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When you have lived with OCD for years, and it has manifested itself in a variety of ways, or ‘themes’ as they are called, it becomes difficult to distinguish a ‘real’ and ‘rational’ worry or effort, from one propelled by your obsessive nature. Yes, I know, part of therapy involves learning to not ask those questions, whether this is real or that is not, but it’s not always easy.

Growing up, I struggled with Pure ‘O’, and ritualistic behaviour. When I was fourteen, during summer vacation, I suddenly had this thought, how can I be sure I’m not a cannibal. I don’t think there was a specific trigger, it was just something that occurred to me, and I could not shake it off. My mother was lying next to me on our bed, and I felt scared, that I would harm her. I could barely sleep that night. The next morning, I got up and started reading up on cannibalism, to assure myself my thoughts are wrong, that I cannot be, of course I’m not. However, the more I read, the uncertainty grew, from narratives of cannibalistic communities to a particular story about a group of expeditioners stranded in snow capped mountains, without food, who started feeding on the corpses of their fellow expeditioners, to survive. This, scared me. People could become cannibals. I could become one, maybe I’m one, and just haven’t been pushed hard enough. I got increasingly terrified of becoming, quite literally, a monster. This was bad as it was, and soon enough, my obsessive thoughts and consequent attempts to reassure myself by reading up had acquired a newer theme – which was of sexual in nature. I visited websites, trying to hide what I was reading, whenever my mom or dad would enter the room. I felt miserable, and dirty, and like a pervert. Soon enough, I could not take it any longer, I broke down in front of my parents, I told them everything – they were puzzled, but supportive and took me to see a psychiatrist. I live in India, and mental health is a taboo topic in most families, and awareness, even amongst those educated, is grim. After navigating through three shrinks, two of whom did not offer anything conclusive, I got third time lucky. Actually, being diagnosed was a relief. It meant, this was not me, I was not this pervert, this monster.

It has been years since I was fourteen. But I still struggle with OCD, and I’m going through therapy. But, for the past 5 years, I’ve been dealing with a more elusive theme. One, I cannot sometimes pinpoint and say is OCD. It doesn’t seem as irrational as the obsessive thoughts about cannibalism, incest, harm etc. I call this my ‘fresh start’ OCD. Also, the compulsions have evolved over time under this theme, to the point that I cannot even recognise if a certain action is for self-improvement and generally an effort to change my life for the better, or compulsively initiating a ‘fresh start’ as if I can press a ‘Reset’ button on my life, after which I’m not allowed to commit any more mistakes, I cannot be lazy, I must be presentable at all times, productive, witty, organised– and the list was ever burgeoning, and once I did commit a mistake, I would feel this urge to break down, lock myself in my room, eat junk, mess up my space, live like that for days, before preparing for another fresh start. Over time, this pattern has mellowed. I don’t break down that intensely anymore because I have a job and cannot take too many leaves, I do not lock myself in my room for days anymore, also, in my head I’ve stopped calling them fresh starts, stopped noting down the dates of my fresh start, but instead I just try to recall it from memory, sometimes. What’s new for me is that a lot of it, doesn’t seem irrational at all – it seems very real, very practical, in the moment – but when I look back, after each disguised attempt at a fresh start – I feel like my OCD played me. This theme is not as painful as the others, is not as urgent or debilitating in the short run, but it exhausts you, and takes up a lot of your time, sometimes weeks, planning for that perfect life, instead of living the one you have.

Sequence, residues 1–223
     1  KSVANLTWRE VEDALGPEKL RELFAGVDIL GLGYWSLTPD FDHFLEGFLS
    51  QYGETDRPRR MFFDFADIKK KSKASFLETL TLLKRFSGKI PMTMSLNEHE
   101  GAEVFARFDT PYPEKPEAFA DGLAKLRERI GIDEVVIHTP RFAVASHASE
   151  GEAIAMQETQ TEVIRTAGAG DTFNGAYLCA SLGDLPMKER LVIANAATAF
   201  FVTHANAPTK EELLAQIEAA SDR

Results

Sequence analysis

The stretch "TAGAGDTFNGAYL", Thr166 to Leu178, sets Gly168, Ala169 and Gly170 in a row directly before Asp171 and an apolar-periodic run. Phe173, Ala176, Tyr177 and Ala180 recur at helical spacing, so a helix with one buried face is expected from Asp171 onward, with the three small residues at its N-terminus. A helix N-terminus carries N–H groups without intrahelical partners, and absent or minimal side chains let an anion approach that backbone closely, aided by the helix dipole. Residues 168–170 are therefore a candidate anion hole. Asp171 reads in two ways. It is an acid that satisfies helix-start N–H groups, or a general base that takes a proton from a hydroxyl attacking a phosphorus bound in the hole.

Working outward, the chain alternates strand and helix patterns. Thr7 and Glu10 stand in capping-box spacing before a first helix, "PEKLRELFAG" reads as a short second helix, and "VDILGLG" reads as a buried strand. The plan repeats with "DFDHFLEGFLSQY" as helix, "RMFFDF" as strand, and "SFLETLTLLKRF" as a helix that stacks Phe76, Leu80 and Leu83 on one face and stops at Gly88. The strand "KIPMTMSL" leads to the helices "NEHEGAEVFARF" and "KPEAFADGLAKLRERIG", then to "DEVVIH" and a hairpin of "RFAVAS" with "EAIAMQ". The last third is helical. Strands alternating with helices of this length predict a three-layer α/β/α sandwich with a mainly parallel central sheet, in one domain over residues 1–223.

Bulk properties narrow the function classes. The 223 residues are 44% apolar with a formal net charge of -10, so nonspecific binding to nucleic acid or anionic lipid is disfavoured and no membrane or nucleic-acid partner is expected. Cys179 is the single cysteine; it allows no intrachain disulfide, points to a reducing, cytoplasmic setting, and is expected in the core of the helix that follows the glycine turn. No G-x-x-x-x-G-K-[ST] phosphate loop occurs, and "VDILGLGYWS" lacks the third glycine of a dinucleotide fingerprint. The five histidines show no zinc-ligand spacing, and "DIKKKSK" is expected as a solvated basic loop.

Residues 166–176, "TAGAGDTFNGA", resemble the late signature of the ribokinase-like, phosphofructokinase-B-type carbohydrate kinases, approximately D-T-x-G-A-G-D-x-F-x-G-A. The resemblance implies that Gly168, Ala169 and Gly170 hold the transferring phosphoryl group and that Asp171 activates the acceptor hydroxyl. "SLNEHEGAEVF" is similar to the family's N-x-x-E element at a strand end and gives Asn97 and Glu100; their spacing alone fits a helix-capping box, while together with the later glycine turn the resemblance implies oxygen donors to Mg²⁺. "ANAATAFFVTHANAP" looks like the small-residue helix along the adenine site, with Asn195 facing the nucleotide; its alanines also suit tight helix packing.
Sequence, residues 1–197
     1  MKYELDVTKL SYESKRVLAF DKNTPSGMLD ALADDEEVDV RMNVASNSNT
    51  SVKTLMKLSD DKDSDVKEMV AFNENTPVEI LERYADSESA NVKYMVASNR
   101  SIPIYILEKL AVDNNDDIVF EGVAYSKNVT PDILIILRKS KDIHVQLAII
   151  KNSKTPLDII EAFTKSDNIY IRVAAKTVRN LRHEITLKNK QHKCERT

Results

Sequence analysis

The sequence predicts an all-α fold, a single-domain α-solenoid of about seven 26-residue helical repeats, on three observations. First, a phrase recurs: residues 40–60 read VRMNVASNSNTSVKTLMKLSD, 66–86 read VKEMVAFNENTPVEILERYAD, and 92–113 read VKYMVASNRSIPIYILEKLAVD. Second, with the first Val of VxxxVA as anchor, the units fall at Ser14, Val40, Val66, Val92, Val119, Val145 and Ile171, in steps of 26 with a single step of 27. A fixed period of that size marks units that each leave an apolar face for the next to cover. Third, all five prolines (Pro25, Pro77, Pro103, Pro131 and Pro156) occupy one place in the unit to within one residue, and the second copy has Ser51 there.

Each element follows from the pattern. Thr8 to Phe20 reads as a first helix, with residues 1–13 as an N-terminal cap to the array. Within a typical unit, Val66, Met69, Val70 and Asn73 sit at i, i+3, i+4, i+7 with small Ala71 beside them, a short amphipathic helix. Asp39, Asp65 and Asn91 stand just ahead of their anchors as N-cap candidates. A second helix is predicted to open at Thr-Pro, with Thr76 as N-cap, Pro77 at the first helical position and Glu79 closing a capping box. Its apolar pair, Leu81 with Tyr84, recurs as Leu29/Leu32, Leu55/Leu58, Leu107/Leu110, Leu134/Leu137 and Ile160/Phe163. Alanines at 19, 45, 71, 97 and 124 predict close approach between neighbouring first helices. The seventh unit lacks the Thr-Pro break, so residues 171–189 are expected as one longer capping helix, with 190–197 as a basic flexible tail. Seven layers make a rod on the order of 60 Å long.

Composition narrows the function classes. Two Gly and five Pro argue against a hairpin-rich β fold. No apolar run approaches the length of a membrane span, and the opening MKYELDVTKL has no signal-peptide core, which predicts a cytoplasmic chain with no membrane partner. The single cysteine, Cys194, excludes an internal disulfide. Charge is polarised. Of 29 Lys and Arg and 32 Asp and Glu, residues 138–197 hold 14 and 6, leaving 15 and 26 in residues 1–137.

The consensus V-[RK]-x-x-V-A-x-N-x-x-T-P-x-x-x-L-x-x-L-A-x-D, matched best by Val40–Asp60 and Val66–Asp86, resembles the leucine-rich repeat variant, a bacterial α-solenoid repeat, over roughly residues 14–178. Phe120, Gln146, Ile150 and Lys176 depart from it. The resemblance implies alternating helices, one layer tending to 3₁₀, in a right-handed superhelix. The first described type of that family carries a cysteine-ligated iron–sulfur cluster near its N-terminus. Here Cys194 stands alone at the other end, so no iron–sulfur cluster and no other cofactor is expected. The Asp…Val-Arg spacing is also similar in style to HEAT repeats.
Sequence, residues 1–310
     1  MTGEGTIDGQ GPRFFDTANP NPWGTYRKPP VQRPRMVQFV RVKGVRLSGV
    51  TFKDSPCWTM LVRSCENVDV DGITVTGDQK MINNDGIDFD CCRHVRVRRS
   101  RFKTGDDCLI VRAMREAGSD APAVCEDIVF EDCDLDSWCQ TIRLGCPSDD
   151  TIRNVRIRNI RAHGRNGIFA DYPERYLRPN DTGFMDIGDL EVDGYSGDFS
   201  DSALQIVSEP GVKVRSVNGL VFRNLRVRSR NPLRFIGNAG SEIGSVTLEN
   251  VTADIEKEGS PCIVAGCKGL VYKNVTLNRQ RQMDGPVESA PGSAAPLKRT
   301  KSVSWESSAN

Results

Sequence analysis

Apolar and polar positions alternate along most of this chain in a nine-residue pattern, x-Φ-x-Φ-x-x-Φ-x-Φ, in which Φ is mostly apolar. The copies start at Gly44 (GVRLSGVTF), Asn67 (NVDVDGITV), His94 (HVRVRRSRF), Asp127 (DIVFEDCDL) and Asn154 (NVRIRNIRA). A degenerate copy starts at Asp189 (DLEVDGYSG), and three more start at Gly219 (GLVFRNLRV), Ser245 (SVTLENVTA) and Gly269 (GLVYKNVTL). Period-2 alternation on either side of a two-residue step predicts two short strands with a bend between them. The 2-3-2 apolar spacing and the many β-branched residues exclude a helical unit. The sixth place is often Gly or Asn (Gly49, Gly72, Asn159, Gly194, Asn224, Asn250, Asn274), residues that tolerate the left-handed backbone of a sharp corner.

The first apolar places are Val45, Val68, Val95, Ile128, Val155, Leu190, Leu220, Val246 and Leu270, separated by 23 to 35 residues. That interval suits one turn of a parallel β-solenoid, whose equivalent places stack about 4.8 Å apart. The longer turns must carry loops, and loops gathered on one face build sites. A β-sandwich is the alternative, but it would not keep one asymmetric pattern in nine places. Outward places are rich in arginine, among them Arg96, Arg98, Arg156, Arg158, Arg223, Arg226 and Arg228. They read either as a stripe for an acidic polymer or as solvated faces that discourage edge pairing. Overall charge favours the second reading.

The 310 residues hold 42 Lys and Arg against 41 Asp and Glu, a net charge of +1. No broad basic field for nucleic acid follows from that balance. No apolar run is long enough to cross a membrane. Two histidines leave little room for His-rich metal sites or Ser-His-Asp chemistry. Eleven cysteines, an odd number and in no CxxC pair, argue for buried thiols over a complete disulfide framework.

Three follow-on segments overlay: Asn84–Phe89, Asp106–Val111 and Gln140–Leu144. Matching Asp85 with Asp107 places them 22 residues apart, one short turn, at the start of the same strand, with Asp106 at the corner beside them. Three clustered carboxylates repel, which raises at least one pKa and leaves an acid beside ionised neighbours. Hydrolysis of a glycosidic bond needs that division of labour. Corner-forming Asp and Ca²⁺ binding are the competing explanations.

Comments (2)
  1. YES — In my experience, there are different degrees of rationality vs irrationality in obsessions, and they FEEL different. Almost as if they’re coming from different parts of the brain.

    For me, my “irrational” obsessions have come with a lot of embarrassment and shame, while I’ve been more open about my “rational” obsessions.

    For example, I struggled with spiritual/religious obsessions for decades. My “rational” obsessions had to do with theology, and I could discuss and debate these. (How do we know which religion is “right?” How could an omnicient and omnipotent God act this way? Etc.)

    My “irrational” obsessions had to do with fears that the people I loved were somehow in league with Satan to mislead me. I was suspicious of my parents, my friends and even my husband. I saw “signs” in their phone numbers and addresses, or the colors of their cars. I KNEW INTELLECTUALLY this was NUTS. I didn’t even tell my shrink! Yet these ruminations were there constantly.

    》》Yes, I know, part of therapy involves learning to not ask those questions, whether this is real or that is not, but it’s not always easy.《

    I think there is value in asking these questions, though. In fact, an essential element of Cognitive Behavioral Therapy is checking for “cognitive distortions.” The problem is that OCD is always leading us from rabbithole to rabbithole.

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      Thanks for sharing!

      “Getting over OCD” is a great book about OCD treatment that you may find interesting. It’s written by Dr Jon Abrowmitz. He’s been on the podcast too.

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